[Rick]: We have both one-way and two-way programs. The yes program which is now called the Kennedy-Lugar Youth Exchange and Study program, because two American senators, one in each party, one Democrat one Republican, were so supportive of the program that they put their names to it, and helped us obtain the funding for it. Now, it's very popular throughout Congress, so the funding is never a concern. And it's primarily students from other countries coming to the United States. That's the primary intent of the program. But we have started a small reciprocal program where American high school students will spend a year overseas as well, learning about those other countries.

[Federica]: These programs, as well as others, have not started at the same point in time. Some are older, some are more recent. They have been designed in different conditions. However, they all seem to share the same core value that is mutual understanding. It's always about the people. And I find that fascinating.

[Rick]: Yes. Well, you know, people don't change the way technology changes. Obviously, if we took a cell phone or mobile phone in a time machine back a thousand years, nobody would know what to do with it, there wouldn't even be electricity to run it. Of course, that's a foolish notion. We understand that. But if you and I were to go back in time a thousand years, we wouldn't be able to survive either, because we wouldn't know how to grow food or hunt or gather and anything. So we can see technology change very rapidly over time, but people don't change that way. If you go back in time and read ancient poetry, if you read the Song of Solomon and it says "thou art fair, my love; thou art fair; thou hast doves' eyes," we get that, we know what they were talking about back then, and we would say the same thing right now, with the same meaning, and the same effect.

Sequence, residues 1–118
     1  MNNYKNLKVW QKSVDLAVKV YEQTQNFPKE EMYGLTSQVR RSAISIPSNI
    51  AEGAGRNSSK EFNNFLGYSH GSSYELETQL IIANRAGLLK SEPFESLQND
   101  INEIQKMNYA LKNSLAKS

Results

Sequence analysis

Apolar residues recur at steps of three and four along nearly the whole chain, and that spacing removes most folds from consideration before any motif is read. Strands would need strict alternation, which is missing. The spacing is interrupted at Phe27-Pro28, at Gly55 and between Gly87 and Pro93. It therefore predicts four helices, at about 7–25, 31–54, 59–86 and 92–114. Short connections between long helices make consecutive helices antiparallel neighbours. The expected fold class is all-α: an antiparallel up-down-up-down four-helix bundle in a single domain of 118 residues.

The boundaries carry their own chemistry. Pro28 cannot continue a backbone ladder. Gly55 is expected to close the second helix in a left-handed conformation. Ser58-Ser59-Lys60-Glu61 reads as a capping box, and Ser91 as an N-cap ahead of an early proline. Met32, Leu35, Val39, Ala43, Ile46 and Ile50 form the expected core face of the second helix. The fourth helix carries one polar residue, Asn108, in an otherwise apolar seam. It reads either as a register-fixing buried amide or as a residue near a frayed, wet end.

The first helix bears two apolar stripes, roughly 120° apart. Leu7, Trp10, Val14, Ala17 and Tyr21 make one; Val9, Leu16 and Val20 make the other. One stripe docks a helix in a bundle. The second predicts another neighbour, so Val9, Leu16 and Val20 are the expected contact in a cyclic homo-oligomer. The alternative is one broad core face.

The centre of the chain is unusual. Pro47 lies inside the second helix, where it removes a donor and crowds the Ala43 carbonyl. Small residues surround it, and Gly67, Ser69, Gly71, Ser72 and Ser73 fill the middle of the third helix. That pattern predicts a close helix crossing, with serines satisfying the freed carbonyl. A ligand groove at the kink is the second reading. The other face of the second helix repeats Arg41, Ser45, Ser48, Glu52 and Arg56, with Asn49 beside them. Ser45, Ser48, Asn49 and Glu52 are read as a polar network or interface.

So, we rely on the fact that there's only so many different ways to bring people together. And if you bring them together on an attitude, on the level of mutual understanding and mutual respect, almost every single time they will leave that contact, that engagement, that experience, knowing each other better, respecting each other more, distrusting each other less. That's good for the world that's good for America. That's good for everybody.

[Federica]: Yes. Provided that mutual understanding and a focus on people is a constant in these programs, what may the circumstances be that call for a new program? When is a new program designed and set up?